Well, honestly Virginia Woolf just doesn't do it for me. I have read all of her writing (of which we are aware) and read every writing I could get my hands on about her life, writing style, and historical relations to her writing and I still couldn't get into her. The only exception would be Orlando and that was still not the best.
To the Lighthouse has a lot to offer in its colorful language and descriptions of the landscape, but I felt lost in the characters and goingsons of the novel. It was hard to get into the plot. It wouldn't be on the top of my list for reading.
As an English teacher, I felt I should read this one, but I honestly found Woolf's use of language so convoluted and complex that I couldn't make it past the first couple of chapters. It's a really tough read, and would probably be worth the effort, but I cannot honestly say so from personal experience. Good luck!
A classic, surrealist novel.
Why Youre Reading It:
- You enjoy Virginia Woolf, or you have always wanted to read one of her books.
- Stream of consciousness writing makes you happy.
- You like an intelligent character study.
What I Thought:
To the Lighthouse is a small but mighty book. It is to be read slowly and carefully no speed reading will do here. Virginia Woolf is masterful at studying characters in this novel, one said to be closely autobiographical. It follows the lives of the Ramsey family and those who interact with them at their summer house off the coast of Scotland.
Ive never read a book that more fully rides on my ability to feel rather than understand. You must be willing to give up the cerebral control that readers try so hard to maintain while reading and just go with the flow literally, the flow. Woolfs writing was accurately described as being like water (or waves) by readers who read this book along with me. One reader even remarked that reading Woolf was like getting a blanket thrown over your head while someone spins you around and around. So true. But, we like it anyway. Why? Because if you can just give yourself up to her writing you will find that every few sentences you want to declare, Yes! Rightly so, Virginia, you have captured humanness precisely!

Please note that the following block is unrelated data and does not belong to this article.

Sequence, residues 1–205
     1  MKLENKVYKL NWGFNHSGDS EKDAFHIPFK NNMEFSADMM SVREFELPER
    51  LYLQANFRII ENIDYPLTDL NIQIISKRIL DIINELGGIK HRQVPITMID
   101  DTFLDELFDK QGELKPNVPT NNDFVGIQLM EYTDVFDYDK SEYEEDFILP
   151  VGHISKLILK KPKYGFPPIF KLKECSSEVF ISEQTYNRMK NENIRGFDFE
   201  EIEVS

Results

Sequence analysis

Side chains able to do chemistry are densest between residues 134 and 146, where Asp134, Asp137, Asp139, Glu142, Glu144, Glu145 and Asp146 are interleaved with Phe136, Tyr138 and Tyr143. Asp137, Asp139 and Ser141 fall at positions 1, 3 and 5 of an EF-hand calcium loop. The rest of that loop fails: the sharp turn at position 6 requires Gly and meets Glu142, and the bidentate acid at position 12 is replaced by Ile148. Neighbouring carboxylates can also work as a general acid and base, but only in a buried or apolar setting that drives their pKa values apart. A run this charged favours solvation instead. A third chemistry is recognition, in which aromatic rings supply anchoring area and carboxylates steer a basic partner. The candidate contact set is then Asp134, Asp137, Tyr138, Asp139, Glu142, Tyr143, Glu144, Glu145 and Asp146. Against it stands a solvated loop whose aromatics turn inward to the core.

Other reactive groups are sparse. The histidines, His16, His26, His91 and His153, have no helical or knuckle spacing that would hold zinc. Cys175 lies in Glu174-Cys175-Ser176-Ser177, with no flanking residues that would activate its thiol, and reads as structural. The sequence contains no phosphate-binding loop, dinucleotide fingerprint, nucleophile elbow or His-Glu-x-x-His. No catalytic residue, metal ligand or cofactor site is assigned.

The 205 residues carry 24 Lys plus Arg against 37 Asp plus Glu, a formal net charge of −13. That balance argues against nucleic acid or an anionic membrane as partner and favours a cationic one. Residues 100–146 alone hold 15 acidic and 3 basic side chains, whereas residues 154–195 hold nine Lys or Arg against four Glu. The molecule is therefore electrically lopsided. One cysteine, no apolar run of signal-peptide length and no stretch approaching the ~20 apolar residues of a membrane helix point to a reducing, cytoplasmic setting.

You will notice that her prose feels a lot like your own thoughts, before you are able to slow them down so that they can be articulated to come out of your mouth as words. There can be no rushing, because you will miss the parts that make sense - absolutely this is a rule. No rushing.
If I had to summarize this book into how it made me feel (because, I really dont know how else to summarize this book), I would say that it is a tremendous achievement in getting a reader to feel the great contrast between the vitality of life and the loneliness of emptiness. Like some of her most remarkable characters, her prose is not meant to be captured, but rather to be experienced. Try too hard, and you will miss the point entirely (maybe like life itself?).
And if you have no idea what I just said because it was a bit abstract, just wait until you read this book. I dare you.
The premise of the book is so simple, yet the brilliant author is able to contrive a tangled web of emotions, hopes, and fears all within the context of a couple of days. Very well written and a good introduction to Virginia Woolf.
This is the book Virginia was writing during the time period of The Hours.
This is well written but I prefer Woolf's non-fiction.
I found it interesting, very much an inward novel, most of what goes on goes on in people's heads. The picture of the lighthouse on the cover of PBS's book really should be shrouded in fog, since it's sort of an unattainable goal of the characters in the book to reach it.
I read this way back in high school. I remember that I liked it and that the lighthouse was a character in itself. That's all I can say since it's been a while.
This book does have library stickers on the back cover since it was a discard and purchased used.
The subject of this brilliant novel is the daily life of an English family in the Hebrides.
Virginia Woolf at her best. Interesting insight to a bygone era.
The subject of this brilliant novel is the dailly life of an English family in the Hebrides
The book is in good condition, but has a different picture on the cover than the book shown.